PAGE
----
Wednesday, May 11, 2016

An Americn History Ch. 8: The Mad Doctor

The following is from a work-in-progress called An American History.  It's a novel.

As we approached the Mission, we encountered a man like myself, who saw clear-eyed the horrors.  His response was to go mad.  He was leaning against a live oak tree, dressed in tatters.  As we approached him, the sun was setting on the fields where Indian slaves were working the fields, this crazy bearded Spaniard kept quoting Dante:

""Lasciate ogne speranza, voi ch'intrate", !"

Being an nerd for literature, I recognized this as the inscription above the entrance to Hell: "Abandon all hope, ye you enter here."

William Wolfskill regarded the man indifferently.

"Who is that man?" I asked.

"That's doctor Aguilar, the mission doctor, or what's left of him.  The padres say he has a demon.  Me, I say he just went nuts.  This here land is not for the weak-willed.  It's a shame really.  I liked the doc.  Nice fella."

Seeing us with the bound Indian, Dr. Aguilar rose to his feet and gently placed his hand on the Indian's wound.  There were tears in his eyes and he began speaking in a native language, and then in Spanish:

"Lo siento, lo siento," he said softly.

And then, he fixed his eyes on Wolfskill and on me, and he asked with anger, "Porque?  Porque?  Porque?"

"See," said Wolfskill, "Crazy as a loon."

The doctor appeared to have lost his mind, but what he said seemed a perfectly sane response to this wounded, bound Indian, led by two white men.  

What the doctor had said was, "I'm sorry,  I'm sorry"  and "Why?  Why?  Why?"

We continued through the mission grounds, which I recognized from the times I'd visited San Juan Capistrano as a tourist.  And now there appeared in my mind two overlapping scenes: one of a middle-aged woman in a ridiculous-looking red hat with bangles and a red blazer, guiding a group of mostly white people on a "historical tour" of the Mission, and the scene of tragedy I witnessed with my own eyes.  The Indians were not living in some ideal harmony with the Spanish padres and soldiers--they were doing the lion's share of the work here--re-shoeing horses, building new barracks, tanning the cow hides, and pouring rendered pungent tallow into huge burning vats.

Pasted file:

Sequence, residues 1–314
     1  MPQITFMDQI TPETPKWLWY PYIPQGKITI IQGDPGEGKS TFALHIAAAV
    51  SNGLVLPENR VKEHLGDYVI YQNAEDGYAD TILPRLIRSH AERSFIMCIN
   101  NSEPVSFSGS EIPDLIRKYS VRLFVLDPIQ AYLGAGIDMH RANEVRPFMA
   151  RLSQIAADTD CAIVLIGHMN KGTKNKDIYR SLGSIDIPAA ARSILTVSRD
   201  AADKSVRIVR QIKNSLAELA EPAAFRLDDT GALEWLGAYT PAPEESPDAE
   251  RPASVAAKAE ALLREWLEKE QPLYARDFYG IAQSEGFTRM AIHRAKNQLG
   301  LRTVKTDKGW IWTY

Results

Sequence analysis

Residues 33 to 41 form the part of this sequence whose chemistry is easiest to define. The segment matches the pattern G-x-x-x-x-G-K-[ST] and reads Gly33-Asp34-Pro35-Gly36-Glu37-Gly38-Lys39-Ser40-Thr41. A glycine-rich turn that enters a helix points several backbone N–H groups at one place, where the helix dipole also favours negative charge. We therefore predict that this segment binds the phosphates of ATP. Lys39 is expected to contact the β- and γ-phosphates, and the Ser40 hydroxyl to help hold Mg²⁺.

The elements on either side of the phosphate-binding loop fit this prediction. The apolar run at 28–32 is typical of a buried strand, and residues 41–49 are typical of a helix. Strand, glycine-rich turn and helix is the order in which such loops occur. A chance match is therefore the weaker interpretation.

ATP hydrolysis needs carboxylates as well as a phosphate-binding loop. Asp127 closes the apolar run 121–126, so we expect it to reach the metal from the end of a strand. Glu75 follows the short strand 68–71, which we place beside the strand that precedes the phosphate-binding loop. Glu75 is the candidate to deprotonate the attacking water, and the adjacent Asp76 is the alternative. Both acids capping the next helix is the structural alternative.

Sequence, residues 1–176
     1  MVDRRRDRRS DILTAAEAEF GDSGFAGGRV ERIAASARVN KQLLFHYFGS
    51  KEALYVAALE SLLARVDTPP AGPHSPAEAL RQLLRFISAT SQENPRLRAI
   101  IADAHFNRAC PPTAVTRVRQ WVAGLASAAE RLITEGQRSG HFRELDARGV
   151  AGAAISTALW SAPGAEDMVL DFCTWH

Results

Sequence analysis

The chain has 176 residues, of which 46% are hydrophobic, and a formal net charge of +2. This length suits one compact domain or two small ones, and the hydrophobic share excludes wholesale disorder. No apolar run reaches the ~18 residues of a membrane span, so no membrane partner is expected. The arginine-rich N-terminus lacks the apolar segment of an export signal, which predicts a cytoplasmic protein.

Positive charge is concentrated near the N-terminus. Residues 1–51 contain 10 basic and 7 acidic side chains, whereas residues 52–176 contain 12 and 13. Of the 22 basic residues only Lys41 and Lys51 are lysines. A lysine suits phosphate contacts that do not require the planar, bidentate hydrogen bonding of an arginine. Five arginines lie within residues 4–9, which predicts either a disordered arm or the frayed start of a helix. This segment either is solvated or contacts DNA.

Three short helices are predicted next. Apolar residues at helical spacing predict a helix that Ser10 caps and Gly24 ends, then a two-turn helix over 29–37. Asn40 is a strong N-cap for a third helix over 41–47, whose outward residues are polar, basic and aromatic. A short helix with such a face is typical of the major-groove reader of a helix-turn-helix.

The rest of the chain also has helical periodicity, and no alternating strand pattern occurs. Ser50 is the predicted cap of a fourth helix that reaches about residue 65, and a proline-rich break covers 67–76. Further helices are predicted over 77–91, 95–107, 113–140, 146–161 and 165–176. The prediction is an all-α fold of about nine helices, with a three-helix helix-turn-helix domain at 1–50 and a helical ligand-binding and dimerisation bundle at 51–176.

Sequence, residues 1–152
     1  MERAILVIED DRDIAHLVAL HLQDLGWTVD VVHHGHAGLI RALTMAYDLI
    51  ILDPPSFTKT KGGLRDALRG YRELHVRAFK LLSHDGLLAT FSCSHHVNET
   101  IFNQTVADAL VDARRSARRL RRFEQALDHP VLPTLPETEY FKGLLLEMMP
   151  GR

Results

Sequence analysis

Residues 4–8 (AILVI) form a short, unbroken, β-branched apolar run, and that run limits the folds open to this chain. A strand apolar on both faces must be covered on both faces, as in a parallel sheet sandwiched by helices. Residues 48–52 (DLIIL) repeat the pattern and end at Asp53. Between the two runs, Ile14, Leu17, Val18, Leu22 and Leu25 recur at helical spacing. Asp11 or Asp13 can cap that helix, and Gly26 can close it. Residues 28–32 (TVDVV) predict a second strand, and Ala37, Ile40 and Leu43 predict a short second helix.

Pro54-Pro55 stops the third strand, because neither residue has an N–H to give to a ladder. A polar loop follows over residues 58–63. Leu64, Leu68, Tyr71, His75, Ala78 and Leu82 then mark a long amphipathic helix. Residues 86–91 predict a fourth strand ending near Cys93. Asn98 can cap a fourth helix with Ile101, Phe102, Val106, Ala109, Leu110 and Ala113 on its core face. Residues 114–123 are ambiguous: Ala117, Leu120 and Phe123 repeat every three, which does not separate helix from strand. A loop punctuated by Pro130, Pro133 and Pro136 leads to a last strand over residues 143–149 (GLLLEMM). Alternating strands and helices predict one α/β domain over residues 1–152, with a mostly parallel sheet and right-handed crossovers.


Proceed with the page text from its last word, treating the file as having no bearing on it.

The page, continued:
"Donde esta Padre Serra?" William Wolfskill asked a random friar with an accent worse than mine.

"En el chapel," the padre replied, "Quien es el?"

"Another runaway, bringing him back to God's light," Wolfskill said, nudging the bleeding Indian.

"You cannot bring him to the chapel like this.  Put him in the barracks," the friar said, and we led our horses to one of the mission's buildings.  As we walked, I marveled at the magnificence and size of the Great Stone church, by far the mission's largest structure.  In my time, this was merely a ruin, leveled by an earthquake in 1812.  Unfortunately, my admiration of the architecture was quickly dissipated by the sight before me inside the barracks we now entered--rows and rows of dying Indians, laying on cots--some racked with the visible scars of smallpox, others sick with measles, syphilis, and other maladies.

This was more than I could bear.  I excused myself, ran out of the mission, past the fields of laborers, and reaching a grove of trees, I pressed a button on my wristwatch, and was back in the library.

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